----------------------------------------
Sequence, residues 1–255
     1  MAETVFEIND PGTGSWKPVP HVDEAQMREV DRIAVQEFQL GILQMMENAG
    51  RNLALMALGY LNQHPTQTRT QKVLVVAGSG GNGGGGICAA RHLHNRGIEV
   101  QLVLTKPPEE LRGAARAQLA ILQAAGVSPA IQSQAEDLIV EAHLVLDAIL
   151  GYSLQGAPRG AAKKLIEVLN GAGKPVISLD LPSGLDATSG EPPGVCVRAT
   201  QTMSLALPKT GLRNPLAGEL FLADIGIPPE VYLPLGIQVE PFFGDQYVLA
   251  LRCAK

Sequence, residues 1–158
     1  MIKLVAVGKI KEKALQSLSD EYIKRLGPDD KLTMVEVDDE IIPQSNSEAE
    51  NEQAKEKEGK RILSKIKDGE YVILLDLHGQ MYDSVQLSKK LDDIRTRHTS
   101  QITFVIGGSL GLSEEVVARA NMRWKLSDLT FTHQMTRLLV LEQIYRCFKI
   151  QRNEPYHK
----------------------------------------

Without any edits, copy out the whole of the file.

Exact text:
Sequence, residues 1–255
     1  MAETVFEIND PGTGSWKPVP HVDEAQMREV DRIAVQEFQL GILQMMENAG
    51  RNLALMALGY LNQHPTQTRT QKVLVVAGSG GNGGGGICAA RHLHNRGIEV
   101  QLVLTKPPEE LRGAARAQLA ILQAAGVSPA IQSQAEDLIV EAHLVLDAIL
   151  GYSLQGAPRG AAKKLIEVLN GAGKPVISLD LPSGLDATSG EPPGVCVRAT
   201  QTMSLALPKT GLRNPLAGEL FLADIGIPPE VYLPLGIQVE PFFGDQYVLA
   251  LRCAK

Sequence, residues 1–158
     1  MIKLVAVGKI KEKALQSLSD EYIKRLGPDD KLTMVEVDDE IIPQSNSEAE
    51  NEQAKEKEGK RILSKIKDGE YVILLDLHGQ MYDSVQLSKK LDDIRTRHTS
   101  QITFVIGGSL GLSEEVVARA NMRWKLSDLT FTHQMTRLLV LEQIYRCFKI
   151  QRNEPYHK